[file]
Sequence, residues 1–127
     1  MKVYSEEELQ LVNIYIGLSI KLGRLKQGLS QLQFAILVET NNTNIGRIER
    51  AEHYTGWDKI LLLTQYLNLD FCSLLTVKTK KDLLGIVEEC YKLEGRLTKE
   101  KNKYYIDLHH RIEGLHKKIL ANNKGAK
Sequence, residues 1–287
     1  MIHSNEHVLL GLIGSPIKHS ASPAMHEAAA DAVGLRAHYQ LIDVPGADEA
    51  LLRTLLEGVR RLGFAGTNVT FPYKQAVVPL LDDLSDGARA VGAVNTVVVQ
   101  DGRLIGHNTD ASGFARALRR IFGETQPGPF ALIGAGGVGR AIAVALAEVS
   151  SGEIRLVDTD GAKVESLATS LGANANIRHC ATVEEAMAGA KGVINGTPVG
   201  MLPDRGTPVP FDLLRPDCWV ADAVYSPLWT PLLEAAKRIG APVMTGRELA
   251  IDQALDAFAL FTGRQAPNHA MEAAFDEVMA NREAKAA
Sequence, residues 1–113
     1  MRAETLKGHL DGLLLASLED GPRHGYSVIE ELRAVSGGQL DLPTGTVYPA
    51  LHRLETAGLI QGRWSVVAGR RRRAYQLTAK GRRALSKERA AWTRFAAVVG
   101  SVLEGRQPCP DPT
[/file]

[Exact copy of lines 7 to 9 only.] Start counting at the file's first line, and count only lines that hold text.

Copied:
    51  LLRTLLEGVR RLGFAGTNVT FPYKQAVVPL LDDLSDGARA VGAVNTVVVQ
   101  DGRLIGHNTD ASGFARALRR IFGETQPGPF ALIGAGGVGR AIAVALAEVS
   151  SGEIRLVDTD GAKVESLATS LGANANIRHC ATVEEAMAGA KGVINGTPVG